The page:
Pakistan's first business-themed reality show still has long way to go

First episode of Idea Croron Ka went on air last week

Waqar Mohammad March 22, 2017
The show is based around ideas from globally successful shows namely Shark Tank in the US and Dragon's Den in the UK

The first episode of Idea Croron Ka -- a reality series loosely based on globally successful shows such as Shark Tank (originated in the US) and Dragon's Den (from the UK) – proved that the show has a long way to go.

Idea Croron Ka introduces a never-before-seen format to Pakistani TV, one where startups are given the chance to pitch their ideas to investors.

The investors, including the likes of Netsol CEO Saleem Ghauri, Acumen Fund CEO Naeem Zamendar, Cress Venture CEO Humayun Mazhar and Dr Umar Saif, who is acting as business adviser on the show, seem to be of good repute and are a well-informed panel. However, one couldn’t help but question some of their decisions.

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The first pitch by husband-wife duo Wajiha and Kashan to, an online fashion classified marketplace that allows users to buy and sell fashion items from each other’s wardrobe, seemed weak; in fact, Dr Saif had to step in and help the couple.) However, it is important to note that the couple had put a lot of effort to perfect the pitch but nerves got the better of them on the day. Even Dr Saif didn't speak enough about the company or product and instead chose to focus on e-commerce in general. When OLX was mentioned as an example of an already established business offering similar services, the Affordable.PK team responded well by showing how their business model is different from that of OLX.

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The pitch seemed to go from bad to worse when it came to finances. When investors asked about income, burn rate, and when the company expected to hit profitability, the team was unable to provide any solid answers. And when Cress Venture CEO Mazhar tried to ask about the figures, host Nabeel Qadeer interjected and invited Dr Saif on stage — an unnecessary move.

What was really surprising was when the company was asked what they would do with the money, they said they would grow to x number of users and x number of listings, without mentioning how they would achieve it. While nerves during pitches is often forgiven by investors, startup founders not knowing exact figures regarding their business is tantamount to ‘suicide’ at such a stage.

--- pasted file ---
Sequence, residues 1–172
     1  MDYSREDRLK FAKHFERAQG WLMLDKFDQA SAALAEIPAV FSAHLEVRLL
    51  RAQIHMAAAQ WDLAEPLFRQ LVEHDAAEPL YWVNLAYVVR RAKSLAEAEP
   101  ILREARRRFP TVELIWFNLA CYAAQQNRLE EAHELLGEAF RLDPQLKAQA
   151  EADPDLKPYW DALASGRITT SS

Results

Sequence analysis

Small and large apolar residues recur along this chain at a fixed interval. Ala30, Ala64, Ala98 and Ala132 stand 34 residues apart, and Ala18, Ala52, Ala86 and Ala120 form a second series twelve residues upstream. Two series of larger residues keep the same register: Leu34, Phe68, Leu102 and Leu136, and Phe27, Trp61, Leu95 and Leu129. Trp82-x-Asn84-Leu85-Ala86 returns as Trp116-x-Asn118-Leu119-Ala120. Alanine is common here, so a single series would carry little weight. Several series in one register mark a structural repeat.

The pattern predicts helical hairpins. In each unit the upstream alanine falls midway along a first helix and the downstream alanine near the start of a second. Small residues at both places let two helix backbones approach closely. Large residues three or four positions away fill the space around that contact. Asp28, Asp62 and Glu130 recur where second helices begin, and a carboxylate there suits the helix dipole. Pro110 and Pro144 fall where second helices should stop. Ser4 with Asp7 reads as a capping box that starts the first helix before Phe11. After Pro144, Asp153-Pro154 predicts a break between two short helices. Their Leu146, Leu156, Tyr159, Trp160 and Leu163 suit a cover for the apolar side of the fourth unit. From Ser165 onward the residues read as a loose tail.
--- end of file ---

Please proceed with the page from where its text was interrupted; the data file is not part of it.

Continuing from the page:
To my utter surprise, however, they ended up receiving funding. They had initially asked for Rs15 million against 15% equity but in the end were able to secure Rs10million for 30%, valuing the company at just over Rs30 million.

This raises a few questions:

  1. How are they valuing the company?

  2. Were there enough questions asked around the market share of such a company?

  3. How were the investors so easily persuaded in regards to what the money would be spent on?

Situations like the one mentioned above overvalue companies. More importantly, without a thorough think-through, isn't the company's success at risk? After all, money alone does not guarantee the success of any company.

The last pitch of the show was by ‘Eye Automate’, a company that aims to serve disabled people by creating wheelchairs and home automation systems controlled by eye gestures.

This time around, a few good questions were asked about production-cost and competition. Netsol CEO Ghauri made a valid suggestion – the company should focus on creating a prototype instead of seeking investment at the moment, which would help them towards raising larger funds in the future.

Some of the questions and negotiations were undoubtedly removed in a bid to cut down time to fit the slot. This means we don’t get to see the entire show.

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In summary, the host of the show may have been overbearing but investors were very friendly and patient and the show overall is a positive move for Pakistan. It will provide opportunities to businesses that otherwise might not get.

If the channel broadcasting the show is serious about changing Pakistani TV shows for the better, it must start a new trend in editing and reducing the ‘marketing’ aspect a little. Further, the investors on the show need to be more hands on. They didn’t get to where they are by making decisions on whims. Yes, the public is still new to pitching ideas and running businesses, but if we want the ‘Crème De La Crème’ of businesses then we must raise the bar.  The show, however, is poised for success, and I sincerely hope we can measure it by the fruit it bears.

The author is a LLB Graduate from UK. He is running a Web development agency, has a keen interest in Web Technologies, business models and politics and tweets @waqardm

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happy feet | 4 years ago | Reply Honestly, being pregnant is no merit to get unfair advantage. Did anyone bother to ask, how would she play her role once the child is in this world? Will she divide her attention? Isnt that unfair to the child? And now I will be the devil for asking obvious questions. The show is a great start. It will leave its mark. Errors and omissions can and will be pardoned. Perhaps, its the simplicity of the show which might not sit well with an audience like I am. However, the target demographic would definitely be inspired.
asad | 4 years ago | Reply good idea; has to be executed to deliver great results. consider facilitating amateurs through some professionals after initial screening of business proposals
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